clock menu more-arrow no yes

Filed under:

Fantasy Baseball Waiver Wire: Ty France, Pavin Smith, Jonathan Villar, and more!

Heath talks mid-week waiver wire adds for your fake baseball teams.

Seattle Mariners v Oakland Athletics Photo by Thearon W. Henderson/Getty Images

Happy Wednesday, folks! It’s time for a mid-week version of fantasy baseball waiver wire adds—hitters only! These guys are 50% rostered (or less) in Yahoo leagues.

Full disclosure, any stats cited will not include Tuesday’s games. You have to have a cutoff somewhere, and that was mine!

CATCHER

James McCann, New York Mets (44% rostered)

Strangely enough, covering first base in Pete Alonso’s absence and batting towards the top of the batting order (based on a lack of healthy options) coincided with more success at the plate for McCann. He’s still only slashing .213/.281/.307, but it looks like he’s been a bit unlucky against lefties with a .176 BABIP. If his performance against southpaws normalizes anywhere close to what we saw in 2020, that batting average should at least creep over the .230 threshold. We could be talking about Mitch Garver lite here. McCann is currently sporting a .250 ISO, 18.5% K-rate, and hefty 11.1% walk rate against southpaws, for reference. It’s just that BABIP holding him down. I was ‘on’ him as a bottom-end C1 option prior to the season beginning, and I still think he can deliver that sort of production.

Omar Narvaez, Milwaukee Brewers (37% rostered)

If McCann isn’t available, I think you can look to Omar Narvaez. And if you need batting average help instead of potential power, I think you go Narvaez over McCann, anyway. Narvaez has a smaller sample than most this year due to spending some time on the IL, but that’s just a smokescreen masking a good player. Like most backstops in this range, you’ll have to suffer through off days given the presence of Manny Pina on the roster. But he’s still slashing .304/.382/.461 this year, production that is more in line with his previous four years worth of being a plus in the batting average department. I think 2020—the year he shifted to a new team and was forced to work on his defense—was the anomaly. Batting average help at catcher doesn’t come around very often. You know what to do.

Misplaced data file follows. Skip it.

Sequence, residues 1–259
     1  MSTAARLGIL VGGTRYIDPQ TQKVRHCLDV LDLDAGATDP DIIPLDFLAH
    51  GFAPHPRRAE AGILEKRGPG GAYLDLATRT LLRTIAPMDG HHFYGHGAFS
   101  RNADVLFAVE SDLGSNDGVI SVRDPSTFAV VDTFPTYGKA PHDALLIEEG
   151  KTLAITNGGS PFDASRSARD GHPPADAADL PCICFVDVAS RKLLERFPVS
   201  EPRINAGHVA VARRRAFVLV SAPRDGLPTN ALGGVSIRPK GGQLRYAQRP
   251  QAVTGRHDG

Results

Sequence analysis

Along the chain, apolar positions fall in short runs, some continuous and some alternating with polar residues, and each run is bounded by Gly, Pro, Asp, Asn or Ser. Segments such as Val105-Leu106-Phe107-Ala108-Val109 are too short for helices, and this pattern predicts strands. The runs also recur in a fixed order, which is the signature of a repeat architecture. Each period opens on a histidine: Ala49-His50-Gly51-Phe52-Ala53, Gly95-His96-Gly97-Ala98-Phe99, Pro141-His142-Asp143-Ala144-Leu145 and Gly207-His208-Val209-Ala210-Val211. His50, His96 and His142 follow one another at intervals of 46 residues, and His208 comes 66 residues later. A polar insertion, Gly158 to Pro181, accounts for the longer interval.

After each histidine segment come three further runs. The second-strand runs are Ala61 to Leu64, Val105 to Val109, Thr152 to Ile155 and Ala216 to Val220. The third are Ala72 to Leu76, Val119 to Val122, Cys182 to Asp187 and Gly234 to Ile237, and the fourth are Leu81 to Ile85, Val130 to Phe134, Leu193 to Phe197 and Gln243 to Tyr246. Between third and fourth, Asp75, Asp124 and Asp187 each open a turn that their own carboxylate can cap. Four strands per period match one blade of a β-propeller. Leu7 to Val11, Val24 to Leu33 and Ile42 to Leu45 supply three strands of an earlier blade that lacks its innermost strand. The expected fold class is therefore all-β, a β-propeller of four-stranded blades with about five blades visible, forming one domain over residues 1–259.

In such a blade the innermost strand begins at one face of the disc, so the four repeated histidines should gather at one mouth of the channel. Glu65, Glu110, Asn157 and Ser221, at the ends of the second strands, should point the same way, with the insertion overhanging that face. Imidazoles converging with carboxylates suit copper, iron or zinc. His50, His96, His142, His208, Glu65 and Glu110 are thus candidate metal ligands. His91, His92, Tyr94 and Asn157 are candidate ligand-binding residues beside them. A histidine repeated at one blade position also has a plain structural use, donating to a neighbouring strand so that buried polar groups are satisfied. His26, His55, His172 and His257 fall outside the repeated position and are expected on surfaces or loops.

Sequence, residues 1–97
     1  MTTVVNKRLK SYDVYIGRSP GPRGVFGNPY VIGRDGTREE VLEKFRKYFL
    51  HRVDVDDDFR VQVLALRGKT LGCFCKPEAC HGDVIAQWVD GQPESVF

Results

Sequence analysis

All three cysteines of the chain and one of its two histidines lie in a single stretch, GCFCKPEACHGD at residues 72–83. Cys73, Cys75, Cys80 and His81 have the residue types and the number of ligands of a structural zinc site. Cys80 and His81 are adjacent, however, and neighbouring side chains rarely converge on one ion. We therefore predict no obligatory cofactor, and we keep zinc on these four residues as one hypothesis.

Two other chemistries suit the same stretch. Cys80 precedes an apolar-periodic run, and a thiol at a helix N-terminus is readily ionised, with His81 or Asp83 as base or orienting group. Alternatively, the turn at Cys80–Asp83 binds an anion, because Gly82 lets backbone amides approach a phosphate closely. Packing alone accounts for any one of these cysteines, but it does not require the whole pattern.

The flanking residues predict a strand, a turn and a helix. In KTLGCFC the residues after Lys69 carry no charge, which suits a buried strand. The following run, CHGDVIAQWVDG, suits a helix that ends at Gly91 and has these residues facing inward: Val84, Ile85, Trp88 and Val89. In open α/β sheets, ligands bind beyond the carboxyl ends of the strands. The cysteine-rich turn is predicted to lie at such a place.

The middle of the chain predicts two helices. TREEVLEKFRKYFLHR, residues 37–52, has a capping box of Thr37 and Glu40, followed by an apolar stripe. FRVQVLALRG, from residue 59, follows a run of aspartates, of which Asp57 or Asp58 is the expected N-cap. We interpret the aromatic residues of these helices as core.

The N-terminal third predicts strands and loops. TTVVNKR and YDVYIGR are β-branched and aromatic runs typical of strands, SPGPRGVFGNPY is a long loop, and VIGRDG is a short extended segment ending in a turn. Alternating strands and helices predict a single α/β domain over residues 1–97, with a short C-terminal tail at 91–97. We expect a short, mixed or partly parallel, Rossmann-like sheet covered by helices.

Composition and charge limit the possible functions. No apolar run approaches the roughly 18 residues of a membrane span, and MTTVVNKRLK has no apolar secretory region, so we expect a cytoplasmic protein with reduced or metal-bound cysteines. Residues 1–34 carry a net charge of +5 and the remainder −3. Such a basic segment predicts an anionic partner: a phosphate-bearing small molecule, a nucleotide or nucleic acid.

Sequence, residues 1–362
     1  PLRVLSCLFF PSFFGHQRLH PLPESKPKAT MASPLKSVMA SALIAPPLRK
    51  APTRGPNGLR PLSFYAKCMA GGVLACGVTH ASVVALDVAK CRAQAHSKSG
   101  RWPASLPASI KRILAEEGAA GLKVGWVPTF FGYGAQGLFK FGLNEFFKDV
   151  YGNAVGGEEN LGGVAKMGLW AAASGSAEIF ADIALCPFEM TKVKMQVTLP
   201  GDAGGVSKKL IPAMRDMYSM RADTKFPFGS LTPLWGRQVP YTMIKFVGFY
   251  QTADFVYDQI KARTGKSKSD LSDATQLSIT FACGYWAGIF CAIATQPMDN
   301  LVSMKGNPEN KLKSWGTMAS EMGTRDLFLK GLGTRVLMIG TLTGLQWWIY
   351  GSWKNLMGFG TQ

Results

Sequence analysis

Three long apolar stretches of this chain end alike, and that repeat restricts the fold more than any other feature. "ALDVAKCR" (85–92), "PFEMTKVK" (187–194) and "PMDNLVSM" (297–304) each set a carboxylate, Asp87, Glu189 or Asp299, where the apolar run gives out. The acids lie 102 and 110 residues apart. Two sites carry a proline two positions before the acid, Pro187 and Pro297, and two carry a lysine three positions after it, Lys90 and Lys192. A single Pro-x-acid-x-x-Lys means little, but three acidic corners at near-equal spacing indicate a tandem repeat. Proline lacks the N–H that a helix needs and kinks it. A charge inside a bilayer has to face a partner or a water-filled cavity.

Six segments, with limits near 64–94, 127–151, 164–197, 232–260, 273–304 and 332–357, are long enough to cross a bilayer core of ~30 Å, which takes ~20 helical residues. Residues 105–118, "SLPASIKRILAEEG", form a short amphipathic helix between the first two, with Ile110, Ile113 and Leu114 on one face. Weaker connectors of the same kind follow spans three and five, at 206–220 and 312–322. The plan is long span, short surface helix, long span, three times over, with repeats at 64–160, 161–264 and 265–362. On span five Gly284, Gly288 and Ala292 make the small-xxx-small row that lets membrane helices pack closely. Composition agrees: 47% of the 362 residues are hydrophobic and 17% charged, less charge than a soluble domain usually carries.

Tyler Stephenson, Cincinnati Reds (6% rostered)

Lastly, if you’re really desperate in a deep one, look to Tyler Stephenson. He’s been solid in limited duty this year, and he’s getting some run in the heart of the Reds lineup (as a first baseman) given the absence of Joey Votto. As recently as a couple of days ago, Votto said he still had pain in his finger when fielding balls at first base. So it’s possible we get another full week of Stephenson’s bat in the lineup, if not a little more. And even when Votto returns, it could behoove the Reds to let Stephenson spot-start at first on occasion, anyway. If you take a cursory glance at Cincinnati’s farm system, it’s pretty clear there aren’t internal options ready to cover first base when Joey Votto finally hangs it up. If that results in a few more at-bats for Stephenson each week moving forward, it should benefit us in competitive 15-team leagues. Batting fourth or fifth in the Great American small park means he’s gotta be on your radar as a second catcher option.

CORNER INFIELD

1B/3B Jeimer Candelario, Detroit Tigers (28% rostered)

I had Evan Longoria pegged in this spot, but he was lifted from yesterday’s game due to right side soreness. Weeping. Anyway, Candelario has been an on-base machine for Detroit, as his .358 OBP is entrenched in the second and third spots of the order for the Tigers. He batted .400/.455/.650 with a .250 ISO against southpaws a year ago, and so far in 2021 he’s slashing .362/.423/.447 in the split. The home runs haven’t come against lefties yet, but once they start to fall he’ll improve on his already solid .286/.358/.413 slash line. I’m using him to cover my CI slot in multiple leagues where I am decimated by injuries.

1B/OF Pavin Smith, Arizona Diamondbacks (36% rostered)